The Grateful Farmer

I was very pleased with the results of the first homework assignment for my English class. I asked students to:

Email me a Quicktime video introduction that includes: your full name, your preferred name or nickname, the name of your favorite writer or filmmaker (or book or movie), and anything that I need to know about you as a learner or human being.      

I’ve been watching a few of these videos each day since I received them and taking notes (even if they are short). Besides learning the answers to each question, I am also learning about the ways students communicate (both orally and in terms of their body language), the fluency level of their speech, and their eagerness (or lack thereof) to connect with me.

Since I don’t know these students personally, and I’m trying to figure out how to connect with them as quickly as possible, all data is useful. To close the loop with each student, and hopefully open a new one, I’m replying to each of them with an email that acknowledges that I’ve watched their video, comments on something I’ve noticed about their video, and asks any followup questions that seem necessary.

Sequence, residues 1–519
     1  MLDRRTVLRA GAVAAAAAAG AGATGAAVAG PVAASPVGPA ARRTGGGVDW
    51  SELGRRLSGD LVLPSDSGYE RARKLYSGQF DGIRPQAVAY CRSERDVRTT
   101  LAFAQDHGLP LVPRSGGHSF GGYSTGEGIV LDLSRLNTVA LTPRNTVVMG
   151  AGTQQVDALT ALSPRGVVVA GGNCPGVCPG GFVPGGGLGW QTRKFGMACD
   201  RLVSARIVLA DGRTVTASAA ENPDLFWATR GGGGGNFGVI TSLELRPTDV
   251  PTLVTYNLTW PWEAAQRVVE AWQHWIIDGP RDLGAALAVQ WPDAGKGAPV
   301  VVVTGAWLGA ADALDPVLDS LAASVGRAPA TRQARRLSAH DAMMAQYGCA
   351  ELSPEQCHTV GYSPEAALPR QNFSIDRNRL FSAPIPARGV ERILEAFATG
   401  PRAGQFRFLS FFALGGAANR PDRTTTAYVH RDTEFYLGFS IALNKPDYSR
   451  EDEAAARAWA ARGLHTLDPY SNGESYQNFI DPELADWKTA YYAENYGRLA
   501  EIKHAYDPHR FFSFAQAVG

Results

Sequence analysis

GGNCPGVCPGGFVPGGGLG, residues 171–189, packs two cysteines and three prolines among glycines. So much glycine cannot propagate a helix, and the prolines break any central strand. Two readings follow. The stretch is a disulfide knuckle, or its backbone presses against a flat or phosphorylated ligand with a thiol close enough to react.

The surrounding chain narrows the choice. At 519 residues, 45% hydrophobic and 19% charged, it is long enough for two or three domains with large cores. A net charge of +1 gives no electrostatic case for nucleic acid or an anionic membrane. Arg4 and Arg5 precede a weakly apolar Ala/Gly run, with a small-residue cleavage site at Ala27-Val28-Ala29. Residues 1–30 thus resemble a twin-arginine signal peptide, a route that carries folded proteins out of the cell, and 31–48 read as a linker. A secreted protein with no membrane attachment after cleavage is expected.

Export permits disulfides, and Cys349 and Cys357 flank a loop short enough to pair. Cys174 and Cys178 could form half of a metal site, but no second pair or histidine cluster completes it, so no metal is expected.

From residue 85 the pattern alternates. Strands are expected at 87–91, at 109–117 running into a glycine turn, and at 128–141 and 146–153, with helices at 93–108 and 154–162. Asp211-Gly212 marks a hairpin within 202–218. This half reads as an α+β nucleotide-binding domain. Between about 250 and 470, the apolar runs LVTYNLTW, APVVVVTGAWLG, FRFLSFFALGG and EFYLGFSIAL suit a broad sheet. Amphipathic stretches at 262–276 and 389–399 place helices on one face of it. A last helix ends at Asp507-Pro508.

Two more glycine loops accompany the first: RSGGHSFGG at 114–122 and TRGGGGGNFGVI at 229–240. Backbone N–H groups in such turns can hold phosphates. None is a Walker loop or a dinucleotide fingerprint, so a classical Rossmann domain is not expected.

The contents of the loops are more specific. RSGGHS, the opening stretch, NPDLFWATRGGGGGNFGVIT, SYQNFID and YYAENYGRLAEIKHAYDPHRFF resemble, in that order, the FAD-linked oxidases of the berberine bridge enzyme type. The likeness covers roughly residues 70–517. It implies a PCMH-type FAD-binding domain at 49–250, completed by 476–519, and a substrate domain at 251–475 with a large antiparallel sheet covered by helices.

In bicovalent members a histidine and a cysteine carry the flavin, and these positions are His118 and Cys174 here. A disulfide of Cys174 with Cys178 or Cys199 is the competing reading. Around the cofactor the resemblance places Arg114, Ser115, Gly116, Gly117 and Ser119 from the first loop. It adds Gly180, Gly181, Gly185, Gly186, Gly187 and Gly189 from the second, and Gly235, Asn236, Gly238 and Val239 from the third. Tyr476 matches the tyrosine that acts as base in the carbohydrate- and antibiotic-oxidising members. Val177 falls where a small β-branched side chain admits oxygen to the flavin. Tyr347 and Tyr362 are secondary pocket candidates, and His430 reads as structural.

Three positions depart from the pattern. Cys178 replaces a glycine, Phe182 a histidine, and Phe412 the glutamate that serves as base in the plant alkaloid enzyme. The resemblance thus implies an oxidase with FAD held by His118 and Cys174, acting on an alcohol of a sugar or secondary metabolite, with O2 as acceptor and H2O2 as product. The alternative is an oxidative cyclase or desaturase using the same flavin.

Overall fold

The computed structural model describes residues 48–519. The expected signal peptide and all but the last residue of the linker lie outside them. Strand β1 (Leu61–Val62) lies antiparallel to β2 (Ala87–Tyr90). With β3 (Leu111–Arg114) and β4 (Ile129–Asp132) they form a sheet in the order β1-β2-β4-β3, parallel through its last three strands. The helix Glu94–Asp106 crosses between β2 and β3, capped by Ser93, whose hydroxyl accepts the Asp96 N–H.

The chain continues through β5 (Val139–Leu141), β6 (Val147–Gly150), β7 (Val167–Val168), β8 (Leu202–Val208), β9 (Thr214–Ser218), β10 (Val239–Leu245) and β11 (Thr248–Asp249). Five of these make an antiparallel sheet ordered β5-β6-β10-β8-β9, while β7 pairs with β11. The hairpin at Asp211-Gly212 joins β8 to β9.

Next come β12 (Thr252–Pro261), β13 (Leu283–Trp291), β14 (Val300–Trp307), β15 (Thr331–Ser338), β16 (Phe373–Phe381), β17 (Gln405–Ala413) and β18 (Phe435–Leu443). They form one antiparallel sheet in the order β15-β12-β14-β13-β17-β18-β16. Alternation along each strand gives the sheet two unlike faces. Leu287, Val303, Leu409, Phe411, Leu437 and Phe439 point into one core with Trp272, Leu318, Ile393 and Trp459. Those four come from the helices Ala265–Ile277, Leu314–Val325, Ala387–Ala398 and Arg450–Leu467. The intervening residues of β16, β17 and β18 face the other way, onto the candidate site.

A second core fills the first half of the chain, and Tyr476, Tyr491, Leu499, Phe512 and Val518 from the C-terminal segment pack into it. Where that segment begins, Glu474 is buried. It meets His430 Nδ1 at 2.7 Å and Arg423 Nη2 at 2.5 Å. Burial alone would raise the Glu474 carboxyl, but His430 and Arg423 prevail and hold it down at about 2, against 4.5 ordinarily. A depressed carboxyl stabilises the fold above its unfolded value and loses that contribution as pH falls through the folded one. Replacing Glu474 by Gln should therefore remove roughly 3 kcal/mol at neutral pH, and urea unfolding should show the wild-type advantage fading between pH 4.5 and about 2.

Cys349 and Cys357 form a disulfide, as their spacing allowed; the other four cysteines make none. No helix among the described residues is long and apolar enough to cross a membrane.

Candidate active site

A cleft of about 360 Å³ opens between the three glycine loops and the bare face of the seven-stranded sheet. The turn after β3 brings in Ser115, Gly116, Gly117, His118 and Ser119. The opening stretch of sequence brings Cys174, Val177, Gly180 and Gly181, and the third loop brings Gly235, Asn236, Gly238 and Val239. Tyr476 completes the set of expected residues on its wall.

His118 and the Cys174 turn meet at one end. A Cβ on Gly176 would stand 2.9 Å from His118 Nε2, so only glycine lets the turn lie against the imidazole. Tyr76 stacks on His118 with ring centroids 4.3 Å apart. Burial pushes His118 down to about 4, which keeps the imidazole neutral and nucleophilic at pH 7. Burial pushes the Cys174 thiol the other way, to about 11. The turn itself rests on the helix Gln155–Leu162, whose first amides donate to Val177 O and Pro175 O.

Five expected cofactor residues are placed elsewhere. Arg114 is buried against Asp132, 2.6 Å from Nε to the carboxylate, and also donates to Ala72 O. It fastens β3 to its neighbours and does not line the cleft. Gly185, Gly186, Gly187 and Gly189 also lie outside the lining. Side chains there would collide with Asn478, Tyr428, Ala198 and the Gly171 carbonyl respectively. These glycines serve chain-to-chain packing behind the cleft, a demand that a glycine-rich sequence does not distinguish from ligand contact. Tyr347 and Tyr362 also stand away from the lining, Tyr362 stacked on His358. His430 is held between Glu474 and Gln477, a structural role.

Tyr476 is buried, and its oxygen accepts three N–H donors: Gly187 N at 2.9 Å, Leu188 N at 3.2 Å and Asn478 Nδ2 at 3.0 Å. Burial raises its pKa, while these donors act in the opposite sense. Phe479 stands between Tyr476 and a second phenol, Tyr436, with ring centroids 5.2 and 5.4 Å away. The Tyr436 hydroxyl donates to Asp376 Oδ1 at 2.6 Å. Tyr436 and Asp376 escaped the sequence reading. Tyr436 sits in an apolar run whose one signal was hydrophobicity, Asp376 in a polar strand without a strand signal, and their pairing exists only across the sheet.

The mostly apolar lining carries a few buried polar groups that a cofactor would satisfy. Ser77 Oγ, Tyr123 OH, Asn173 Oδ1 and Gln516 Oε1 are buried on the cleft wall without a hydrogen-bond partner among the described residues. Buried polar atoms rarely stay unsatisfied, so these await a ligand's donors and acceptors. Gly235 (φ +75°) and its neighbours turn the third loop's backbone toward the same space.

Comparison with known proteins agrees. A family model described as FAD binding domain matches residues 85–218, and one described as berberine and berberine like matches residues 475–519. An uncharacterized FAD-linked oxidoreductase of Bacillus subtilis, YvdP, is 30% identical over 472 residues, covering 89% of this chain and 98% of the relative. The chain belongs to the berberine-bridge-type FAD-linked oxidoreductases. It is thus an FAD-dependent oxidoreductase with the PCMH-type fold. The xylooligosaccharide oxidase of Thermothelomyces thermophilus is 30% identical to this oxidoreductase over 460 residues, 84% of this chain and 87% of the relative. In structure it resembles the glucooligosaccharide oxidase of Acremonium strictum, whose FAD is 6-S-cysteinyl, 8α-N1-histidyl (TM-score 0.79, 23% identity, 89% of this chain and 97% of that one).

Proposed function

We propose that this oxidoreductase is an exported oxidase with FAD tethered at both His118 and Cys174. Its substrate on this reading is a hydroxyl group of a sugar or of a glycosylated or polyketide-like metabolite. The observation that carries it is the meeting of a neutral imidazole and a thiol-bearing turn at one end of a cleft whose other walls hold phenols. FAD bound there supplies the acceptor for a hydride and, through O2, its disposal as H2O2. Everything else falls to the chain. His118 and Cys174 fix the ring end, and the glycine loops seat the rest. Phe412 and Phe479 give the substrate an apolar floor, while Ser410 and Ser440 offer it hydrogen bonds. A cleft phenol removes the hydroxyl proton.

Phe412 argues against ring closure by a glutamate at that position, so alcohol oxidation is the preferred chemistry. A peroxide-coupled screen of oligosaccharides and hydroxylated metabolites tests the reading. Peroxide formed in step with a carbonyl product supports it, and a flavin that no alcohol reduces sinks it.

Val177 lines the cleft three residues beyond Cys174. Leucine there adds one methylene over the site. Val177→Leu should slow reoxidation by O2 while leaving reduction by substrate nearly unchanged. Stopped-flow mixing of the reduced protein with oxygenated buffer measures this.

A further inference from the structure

As a teacher early in the year, I try to hang onto the mindset of a grateful farmer — happy to be planting seeds in even the smallest plots of land

How to Produce like a (Really Productive) Professor

Reshan and I recently interviewed Aswath Damodaran.  He’s both a giant in the field of finance and valuation and a standing-room only level professor at NYU Stern.  Our published piece revolved around his passion for teaching — and offered an incredibly refreshing perspective from a professor of his stature.  

During the interview, Aswath was kind enough to digress at one point and share some of the secrets of his productivity and his subsequent reach.  We couldn’t include these thoughts (or, really, tactics) in our published interview, but we wanted to share them nonetheless.

In short, he encouraged us to avoid unnecessary compartmentalization.  Instead of turning from thing to thing to thing, he suggested that, perhaps, much of what we do is really just one thing — turned, considered, and altered slowly. In his own words . . . 

If your work needs to be compartmentalized, you need a lot more time everyday, right?